In the spring and summer of 2009, it was becoming clear to investors that the setback was temporary and that Caterpillar’s layoffs were making it a more productive firm. Investors began to focus on the profits that the company would likely earn in the future, and they began to buy the stock with gusto. In early December, the stock closed at an all-time high of $89.
With revenue and earnings recovering sharply, Cat announced in November its plans to buy Bucyrus International, a large mining equipment manufacturer, for $7.6 billion. The purchase will enable Caterpillar to expand its mining offerings and will provide more balance for the company’s product line, with diversification away from the tractors, graders and bulldozers that have been its staples. Cat is paying a hefty premium for Bucyrus — $92 a share, or about one-third more than the market price before the deal was announced. And speaking of spectacular comebacks, in March 2009, Bucyrus traded for fewer than 11 bucks a share.
Evidence of the severity of the recession is that Cat and Bucyrus are hardly outliers; the stocks of other makers of industrial equipment were also crushed. Cummins, the engine manufacturer, fell by more than half from early August to early October of 2008. Deere, the world’s largest maker of farm equipment, did even worse. Both have rallied strongly and are back near all-time highs.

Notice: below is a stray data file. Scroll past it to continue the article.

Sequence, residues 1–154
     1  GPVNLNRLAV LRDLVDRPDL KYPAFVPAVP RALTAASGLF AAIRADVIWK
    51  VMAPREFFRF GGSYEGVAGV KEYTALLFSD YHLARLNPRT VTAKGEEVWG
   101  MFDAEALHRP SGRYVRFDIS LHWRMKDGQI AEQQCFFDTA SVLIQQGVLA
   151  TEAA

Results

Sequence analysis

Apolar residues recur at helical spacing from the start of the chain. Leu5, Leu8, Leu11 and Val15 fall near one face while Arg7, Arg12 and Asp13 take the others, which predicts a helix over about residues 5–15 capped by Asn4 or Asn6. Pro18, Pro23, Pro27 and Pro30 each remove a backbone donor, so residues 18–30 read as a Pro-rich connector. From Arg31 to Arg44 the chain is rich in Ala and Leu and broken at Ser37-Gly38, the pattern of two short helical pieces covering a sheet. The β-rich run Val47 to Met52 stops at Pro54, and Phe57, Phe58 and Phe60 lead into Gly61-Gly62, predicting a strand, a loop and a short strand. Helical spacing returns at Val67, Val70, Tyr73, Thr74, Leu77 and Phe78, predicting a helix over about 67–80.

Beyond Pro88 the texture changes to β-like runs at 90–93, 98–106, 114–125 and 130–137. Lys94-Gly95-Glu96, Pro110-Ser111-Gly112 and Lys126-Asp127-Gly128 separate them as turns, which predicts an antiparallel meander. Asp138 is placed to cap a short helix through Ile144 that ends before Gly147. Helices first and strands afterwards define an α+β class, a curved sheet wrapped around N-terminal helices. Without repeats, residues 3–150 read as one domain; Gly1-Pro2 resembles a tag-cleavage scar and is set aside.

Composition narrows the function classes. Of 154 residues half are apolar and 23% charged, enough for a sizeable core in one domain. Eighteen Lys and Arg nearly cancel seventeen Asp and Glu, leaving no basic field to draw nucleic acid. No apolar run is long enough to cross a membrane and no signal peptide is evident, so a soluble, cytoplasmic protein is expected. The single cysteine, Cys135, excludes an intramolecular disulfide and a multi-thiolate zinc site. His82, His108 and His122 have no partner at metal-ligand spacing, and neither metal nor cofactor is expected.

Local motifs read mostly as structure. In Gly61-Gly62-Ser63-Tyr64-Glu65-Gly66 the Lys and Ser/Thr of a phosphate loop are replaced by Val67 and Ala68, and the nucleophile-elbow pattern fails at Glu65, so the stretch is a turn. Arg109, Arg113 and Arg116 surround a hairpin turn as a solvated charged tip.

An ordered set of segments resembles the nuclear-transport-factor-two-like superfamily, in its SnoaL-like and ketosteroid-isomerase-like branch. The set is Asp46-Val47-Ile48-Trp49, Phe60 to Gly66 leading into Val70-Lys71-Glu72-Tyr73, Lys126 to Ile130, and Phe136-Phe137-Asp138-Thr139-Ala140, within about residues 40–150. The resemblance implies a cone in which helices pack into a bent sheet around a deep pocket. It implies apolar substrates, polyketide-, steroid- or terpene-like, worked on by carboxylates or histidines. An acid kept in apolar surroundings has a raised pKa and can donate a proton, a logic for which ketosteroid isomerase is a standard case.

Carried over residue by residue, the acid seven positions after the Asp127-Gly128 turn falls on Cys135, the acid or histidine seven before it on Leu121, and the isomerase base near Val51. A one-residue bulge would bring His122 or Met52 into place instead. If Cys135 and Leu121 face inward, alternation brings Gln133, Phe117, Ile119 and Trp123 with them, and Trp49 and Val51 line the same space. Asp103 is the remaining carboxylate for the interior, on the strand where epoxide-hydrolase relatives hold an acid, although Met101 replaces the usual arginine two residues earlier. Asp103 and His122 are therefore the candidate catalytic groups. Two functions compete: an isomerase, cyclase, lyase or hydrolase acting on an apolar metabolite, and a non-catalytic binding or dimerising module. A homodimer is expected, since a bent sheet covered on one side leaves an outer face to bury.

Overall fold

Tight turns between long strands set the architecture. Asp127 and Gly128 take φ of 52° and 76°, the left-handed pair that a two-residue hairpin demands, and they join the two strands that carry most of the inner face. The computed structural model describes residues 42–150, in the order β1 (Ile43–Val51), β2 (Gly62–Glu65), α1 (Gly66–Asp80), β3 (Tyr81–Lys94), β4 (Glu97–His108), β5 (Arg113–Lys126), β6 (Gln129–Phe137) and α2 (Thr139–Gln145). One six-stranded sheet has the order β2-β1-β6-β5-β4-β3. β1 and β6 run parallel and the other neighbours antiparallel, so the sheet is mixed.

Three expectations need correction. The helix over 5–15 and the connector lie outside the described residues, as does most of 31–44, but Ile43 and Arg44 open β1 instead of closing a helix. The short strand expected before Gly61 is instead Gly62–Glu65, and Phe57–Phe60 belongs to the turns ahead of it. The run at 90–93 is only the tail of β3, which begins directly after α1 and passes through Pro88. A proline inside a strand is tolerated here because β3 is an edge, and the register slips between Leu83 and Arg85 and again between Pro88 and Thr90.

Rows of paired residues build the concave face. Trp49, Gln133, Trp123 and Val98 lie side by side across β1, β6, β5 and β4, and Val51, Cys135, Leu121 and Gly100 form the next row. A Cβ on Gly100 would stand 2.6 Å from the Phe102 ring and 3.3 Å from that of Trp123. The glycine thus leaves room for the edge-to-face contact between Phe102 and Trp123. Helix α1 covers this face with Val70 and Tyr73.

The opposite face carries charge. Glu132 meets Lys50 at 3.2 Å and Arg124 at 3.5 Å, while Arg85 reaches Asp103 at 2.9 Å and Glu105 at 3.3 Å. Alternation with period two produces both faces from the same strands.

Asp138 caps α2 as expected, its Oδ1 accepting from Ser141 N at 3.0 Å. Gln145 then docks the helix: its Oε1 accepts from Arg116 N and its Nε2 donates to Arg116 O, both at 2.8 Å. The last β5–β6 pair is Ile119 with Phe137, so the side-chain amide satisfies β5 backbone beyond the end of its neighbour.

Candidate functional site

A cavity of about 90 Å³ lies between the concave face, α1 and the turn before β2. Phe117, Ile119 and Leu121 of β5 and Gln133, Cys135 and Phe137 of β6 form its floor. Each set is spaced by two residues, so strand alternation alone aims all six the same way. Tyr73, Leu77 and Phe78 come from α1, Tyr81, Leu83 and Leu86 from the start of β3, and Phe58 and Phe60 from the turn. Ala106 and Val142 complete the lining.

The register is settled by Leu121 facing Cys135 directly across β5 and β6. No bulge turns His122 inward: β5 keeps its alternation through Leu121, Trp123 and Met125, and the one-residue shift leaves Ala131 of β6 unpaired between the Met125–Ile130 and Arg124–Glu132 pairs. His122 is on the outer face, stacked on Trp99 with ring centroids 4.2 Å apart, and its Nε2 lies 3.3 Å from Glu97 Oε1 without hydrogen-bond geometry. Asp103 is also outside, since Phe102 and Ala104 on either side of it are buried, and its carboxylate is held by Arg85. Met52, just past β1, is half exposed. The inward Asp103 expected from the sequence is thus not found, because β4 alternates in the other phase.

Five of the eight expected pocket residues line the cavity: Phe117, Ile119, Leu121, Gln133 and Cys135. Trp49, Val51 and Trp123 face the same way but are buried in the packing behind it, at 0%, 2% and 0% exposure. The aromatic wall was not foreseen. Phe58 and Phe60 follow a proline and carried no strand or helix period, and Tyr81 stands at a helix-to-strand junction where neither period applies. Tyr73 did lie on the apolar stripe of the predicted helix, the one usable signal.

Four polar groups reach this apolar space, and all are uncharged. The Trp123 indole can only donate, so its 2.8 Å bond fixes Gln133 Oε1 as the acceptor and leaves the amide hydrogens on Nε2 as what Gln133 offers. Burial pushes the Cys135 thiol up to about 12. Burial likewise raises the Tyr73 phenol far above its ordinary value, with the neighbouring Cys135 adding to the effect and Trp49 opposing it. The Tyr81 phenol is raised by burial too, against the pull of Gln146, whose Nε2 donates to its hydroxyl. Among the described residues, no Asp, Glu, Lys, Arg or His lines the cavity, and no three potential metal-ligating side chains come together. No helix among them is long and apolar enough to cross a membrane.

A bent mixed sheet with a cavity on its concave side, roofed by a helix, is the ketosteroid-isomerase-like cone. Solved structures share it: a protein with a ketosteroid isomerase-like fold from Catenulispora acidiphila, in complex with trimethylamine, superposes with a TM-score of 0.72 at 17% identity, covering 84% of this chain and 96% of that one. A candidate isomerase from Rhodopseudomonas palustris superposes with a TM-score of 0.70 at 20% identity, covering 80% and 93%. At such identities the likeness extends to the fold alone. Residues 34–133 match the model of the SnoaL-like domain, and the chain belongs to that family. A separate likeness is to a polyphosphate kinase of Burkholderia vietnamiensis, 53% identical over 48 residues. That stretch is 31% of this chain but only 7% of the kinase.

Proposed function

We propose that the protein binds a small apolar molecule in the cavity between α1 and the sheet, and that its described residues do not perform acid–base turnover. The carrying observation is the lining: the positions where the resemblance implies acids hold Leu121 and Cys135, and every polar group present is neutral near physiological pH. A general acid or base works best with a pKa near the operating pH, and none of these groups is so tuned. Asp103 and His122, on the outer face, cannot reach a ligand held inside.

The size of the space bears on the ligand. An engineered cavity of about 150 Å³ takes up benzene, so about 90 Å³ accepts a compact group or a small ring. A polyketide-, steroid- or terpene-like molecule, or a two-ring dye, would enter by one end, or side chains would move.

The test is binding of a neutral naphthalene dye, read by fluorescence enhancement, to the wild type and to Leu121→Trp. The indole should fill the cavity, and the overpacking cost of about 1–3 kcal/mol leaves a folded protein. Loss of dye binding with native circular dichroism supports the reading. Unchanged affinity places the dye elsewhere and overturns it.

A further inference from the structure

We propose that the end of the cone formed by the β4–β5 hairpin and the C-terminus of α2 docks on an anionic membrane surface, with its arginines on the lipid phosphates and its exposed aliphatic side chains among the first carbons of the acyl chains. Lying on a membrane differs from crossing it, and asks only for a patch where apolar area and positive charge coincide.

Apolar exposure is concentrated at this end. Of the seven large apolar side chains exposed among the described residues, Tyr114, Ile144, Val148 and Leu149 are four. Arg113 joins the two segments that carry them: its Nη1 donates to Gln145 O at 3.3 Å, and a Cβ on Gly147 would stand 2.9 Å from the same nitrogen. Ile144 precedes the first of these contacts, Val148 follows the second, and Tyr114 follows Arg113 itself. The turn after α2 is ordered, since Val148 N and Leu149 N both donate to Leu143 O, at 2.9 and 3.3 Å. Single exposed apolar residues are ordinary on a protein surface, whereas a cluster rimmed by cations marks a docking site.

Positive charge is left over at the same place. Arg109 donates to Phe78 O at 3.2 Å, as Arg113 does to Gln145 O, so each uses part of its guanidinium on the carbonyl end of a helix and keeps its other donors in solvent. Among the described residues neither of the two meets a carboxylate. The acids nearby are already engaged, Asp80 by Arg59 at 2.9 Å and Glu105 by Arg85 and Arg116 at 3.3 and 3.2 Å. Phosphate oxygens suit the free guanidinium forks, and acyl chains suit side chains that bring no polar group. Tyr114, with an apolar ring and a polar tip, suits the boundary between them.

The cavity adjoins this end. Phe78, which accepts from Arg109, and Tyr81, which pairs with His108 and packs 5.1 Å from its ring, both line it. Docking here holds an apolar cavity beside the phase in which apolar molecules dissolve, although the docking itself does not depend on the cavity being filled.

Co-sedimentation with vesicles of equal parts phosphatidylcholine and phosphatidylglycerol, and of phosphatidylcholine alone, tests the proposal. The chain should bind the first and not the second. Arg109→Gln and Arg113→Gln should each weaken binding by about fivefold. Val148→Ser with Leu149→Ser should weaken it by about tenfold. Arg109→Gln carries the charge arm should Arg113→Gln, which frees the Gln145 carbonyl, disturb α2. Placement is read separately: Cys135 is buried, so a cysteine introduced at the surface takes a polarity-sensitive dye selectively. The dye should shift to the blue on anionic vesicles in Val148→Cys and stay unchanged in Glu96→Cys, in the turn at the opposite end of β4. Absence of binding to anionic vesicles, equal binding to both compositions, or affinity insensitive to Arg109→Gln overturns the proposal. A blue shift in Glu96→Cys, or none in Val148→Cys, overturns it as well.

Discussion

It’s safe to say that these companies would not have recovered so briskly had they been relying solely, or even predominantly, on the U.S. market. While more than half of Caterpillar’s 93,000-plus employees are in the United States, two-thirds of its sales come from abroad. As 2010 was ending, demand was strongest in Latin America and Asia, and in November Cat announced the opening of a $300 million large engine plant in Tianjin, China, as well as a bond issue in Hong Kong in Chinese currency.